As a review of earlier posts :
Wednesday, June 03, 2015
Wednesday, June 10, 2015
|Portions of the longer bar were cut, then forged to rough cylinders over the edge of the anvil. These would form the body of each lock. This results in a slightly distorted shape - obviously different than simply using commercial pipe.|
|A total of three bodies were made - you can see the variation between each.|
|One of the completed smaller cylinders. Due to the size / relative strength, these were not braised closed.|
|Next the two end plates were made. A triangular piece was cut from the remaining wide strip, two for each lock. (The pieces here are for the 'front' of each lock.)|
1) Grind to shape individually to fit each lock body
2) Hot punch the upper shackle hole (front plates only)
3) Drill small holes at the corners of the shackle (front) and key (rear) slots
4) Using different straight chisels, cut out the required slots
5) Finish by filing the slot edges smooth
Another 'modern cheat' here was using a modern drill press for the corner holes - rather than hot punching these.
A large segment of the work is not documented via photographs:
• A flat plate was prepared with two holes at one end. This plate was then secured inside the lock body. Originally these would have been bronze braised into place, I used a modern (invisible) cheat and MIG welded to secure.
• The keys were forged, fitted separately to each lock individually. One end was split, then forged out to make an L shaped fork of two tines, each formed to a circular profile that would then fit into the paired holes inside the lock body.(And tested before the next step!) The other end of each was hot punched and drifted to make a carry loop.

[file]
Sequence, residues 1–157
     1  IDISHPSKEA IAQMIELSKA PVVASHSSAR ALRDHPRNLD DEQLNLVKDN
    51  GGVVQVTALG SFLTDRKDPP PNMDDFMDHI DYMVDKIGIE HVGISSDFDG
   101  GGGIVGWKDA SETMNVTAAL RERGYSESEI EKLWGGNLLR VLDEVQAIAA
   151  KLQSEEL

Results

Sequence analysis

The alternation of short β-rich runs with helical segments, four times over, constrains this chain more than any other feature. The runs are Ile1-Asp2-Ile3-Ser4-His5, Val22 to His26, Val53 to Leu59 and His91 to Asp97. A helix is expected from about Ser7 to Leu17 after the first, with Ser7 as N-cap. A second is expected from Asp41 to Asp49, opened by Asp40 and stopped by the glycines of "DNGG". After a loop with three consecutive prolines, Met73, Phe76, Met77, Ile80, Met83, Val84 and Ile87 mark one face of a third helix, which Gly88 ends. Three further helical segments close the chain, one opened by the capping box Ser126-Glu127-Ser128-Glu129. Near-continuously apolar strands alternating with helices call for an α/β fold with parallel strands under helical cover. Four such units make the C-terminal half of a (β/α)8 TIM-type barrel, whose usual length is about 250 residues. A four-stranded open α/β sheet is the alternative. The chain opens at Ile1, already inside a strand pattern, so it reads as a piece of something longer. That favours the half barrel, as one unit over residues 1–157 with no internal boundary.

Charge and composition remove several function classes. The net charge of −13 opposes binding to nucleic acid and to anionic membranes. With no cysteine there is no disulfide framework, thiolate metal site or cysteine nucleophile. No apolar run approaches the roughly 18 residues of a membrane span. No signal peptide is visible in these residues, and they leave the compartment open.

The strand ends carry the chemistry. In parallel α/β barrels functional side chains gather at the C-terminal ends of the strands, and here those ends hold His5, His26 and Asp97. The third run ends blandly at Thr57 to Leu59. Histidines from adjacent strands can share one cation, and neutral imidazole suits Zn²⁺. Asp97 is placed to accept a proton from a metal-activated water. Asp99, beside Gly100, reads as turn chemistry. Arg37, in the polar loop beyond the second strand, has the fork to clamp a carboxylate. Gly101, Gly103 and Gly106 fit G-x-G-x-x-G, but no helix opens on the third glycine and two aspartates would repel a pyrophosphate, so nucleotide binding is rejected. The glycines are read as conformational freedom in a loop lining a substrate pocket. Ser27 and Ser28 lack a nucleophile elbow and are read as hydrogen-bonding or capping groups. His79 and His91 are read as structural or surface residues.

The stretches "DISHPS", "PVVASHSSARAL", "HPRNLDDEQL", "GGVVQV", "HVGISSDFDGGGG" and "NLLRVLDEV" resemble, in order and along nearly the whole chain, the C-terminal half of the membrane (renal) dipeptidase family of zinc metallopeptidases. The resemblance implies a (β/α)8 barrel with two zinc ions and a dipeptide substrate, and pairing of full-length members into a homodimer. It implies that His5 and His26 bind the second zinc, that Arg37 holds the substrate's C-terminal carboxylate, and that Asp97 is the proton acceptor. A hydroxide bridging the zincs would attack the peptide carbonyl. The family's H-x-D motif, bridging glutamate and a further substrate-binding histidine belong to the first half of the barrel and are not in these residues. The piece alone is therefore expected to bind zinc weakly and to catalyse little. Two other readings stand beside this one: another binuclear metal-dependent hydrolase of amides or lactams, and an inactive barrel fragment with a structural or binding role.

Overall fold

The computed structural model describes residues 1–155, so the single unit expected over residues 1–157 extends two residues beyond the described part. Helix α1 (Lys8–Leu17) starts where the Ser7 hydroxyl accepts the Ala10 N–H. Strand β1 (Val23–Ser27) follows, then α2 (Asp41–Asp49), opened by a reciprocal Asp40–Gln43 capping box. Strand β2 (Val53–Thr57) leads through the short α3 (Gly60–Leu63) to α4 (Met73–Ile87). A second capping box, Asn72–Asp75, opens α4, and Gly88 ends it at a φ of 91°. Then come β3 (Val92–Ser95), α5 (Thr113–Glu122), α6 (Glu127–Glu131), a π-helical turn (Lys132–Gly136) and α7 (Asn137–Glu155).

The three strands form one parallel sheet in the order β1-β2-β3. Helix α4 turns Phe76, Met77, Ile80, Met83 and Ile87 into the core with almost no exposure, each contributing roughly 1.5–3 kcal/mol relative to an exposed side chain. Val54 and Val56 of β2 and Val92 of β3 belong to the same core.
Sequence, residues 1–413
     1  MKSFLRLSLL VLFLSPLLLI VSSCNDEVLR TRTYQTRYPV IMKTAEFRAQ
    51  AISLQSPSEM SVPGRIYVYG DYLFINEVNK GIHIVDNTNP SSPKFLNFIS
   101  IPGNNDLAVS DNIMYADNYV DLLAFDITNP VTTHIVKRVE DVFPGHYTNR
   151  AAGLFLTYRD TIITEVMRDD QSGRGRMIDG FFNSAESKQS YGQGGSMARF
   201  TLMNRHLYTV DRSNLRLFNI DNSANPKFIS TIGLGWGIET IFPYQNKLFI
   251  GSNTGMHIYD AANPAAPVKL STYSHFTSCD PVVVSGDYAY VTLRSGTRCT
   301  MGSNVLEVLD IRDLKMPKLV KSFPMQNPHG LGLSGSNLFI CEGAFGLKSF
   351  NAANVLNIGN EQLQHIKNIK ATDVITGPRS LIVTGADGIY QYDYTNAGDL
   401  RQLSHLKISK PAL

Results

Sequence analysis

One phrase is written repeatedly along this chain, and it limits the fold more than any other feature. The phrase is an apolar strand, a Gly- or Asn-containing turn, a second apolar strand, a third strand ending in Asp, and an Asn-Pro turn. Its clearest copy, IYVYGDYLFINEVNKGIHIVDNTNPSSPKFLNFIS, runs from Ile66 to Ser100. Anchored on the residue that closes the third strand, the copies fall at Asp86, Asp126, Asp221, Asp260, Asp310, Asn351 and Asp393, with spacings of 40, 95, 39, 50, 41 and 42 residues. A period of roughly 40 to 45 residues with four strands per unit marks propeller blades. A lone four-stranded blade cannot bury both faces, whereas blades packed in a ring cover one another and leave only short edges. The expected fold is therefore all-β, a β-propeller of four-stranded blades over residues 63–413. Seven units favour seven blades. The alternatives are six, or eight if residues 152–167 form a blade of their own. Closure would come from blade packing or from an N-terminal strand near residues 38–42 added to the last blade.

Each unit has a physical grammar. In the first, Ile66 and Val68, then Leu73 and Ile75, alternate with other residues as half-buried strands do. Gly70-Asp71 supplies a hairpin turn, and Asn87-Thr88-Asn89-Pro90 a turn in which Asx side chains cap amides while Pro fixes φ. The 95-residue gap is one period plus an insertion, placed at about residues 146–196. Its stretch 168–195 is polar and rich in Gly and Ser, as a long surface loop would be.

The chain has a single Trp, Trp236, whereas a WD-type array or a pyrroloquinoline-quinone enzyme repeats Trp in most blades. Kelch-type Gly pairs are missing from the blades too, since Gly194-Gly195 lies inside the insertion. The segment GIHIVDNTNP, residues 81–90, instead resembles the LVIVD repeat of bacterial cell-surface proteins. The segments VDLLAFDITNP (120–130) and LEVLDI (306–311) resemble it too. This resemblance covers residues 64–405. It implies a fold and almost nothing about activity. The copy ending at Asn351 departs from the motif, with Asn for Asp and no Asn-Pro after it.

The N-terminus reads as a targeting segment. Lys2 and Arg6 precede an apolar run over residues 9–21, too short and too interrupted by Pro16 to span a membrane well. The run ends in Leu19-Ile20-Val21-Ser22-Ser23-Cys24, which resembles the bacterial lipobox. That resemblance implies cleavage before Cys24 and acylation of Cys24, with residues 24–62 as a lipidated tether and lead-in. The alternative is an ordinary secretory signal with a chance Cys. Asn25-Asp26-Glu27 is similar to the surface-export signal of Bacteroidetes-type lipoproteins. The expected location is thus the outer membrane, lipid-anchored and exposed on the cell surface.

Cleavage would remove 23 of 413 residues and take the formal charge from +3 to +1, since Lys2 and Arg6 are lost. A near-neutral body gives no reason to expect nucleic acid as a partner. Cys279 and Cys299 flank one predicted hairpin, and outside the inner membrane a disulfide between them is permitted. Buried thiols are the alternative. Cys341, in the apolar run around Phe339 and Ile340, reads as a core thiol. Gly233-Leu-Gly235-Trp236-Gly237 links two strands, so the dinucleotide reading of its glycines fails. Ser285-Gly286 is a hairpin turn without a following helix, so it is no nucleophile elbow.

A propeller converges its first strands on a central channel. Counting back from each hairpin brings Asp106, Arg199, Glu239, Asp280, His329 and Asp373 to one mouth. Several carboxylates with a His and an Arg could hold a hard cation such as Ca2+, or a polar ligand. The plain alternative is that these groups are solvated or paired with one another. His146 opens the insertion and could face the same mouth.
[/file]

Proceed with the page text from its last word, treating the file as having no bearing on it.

• 3/16 square rod was twisted, then cut to make the short bars that secured the two end plates to the lock bodies. There were four such rods required on each lock. These were then used like long shafted rivets.
• Individual shackles were made from 3/16 x 1 inch flat stock, forged to roughly 5/16 inch round on one end (to fit into the small top cylinder and punched hole in the end plate). Each shackle was then formed to a U shape - again to fit the individual lock.
• Pieces of flat spring were prepared, two pieces for each lock shackle. Another modern cheat - I used some band saw blade material for these (suitable width and 'spring'). The pieces of spring were braised in place to one end of each shackle.
• The final step was determining the exact fit of the shackle slot - relative to the individual springs. There was a fussy balance between having the slot wide enough to make the key properly depress the shackle springs - and not having it too loose so the lock would not remain secure.
The overall project was then completed by forging the pair of strap hinges for each box. There was also a hasp set made for each box, using the same 'loop and tab' method used on various known Norse sea chests.
|One finished lock, showing the shackle removed and the individually fitted key. Also the pieces of the hasp set (wrought head square nails were included for mounting).|
|The completed pair of locks and hasps, showing one securing a hasp set.|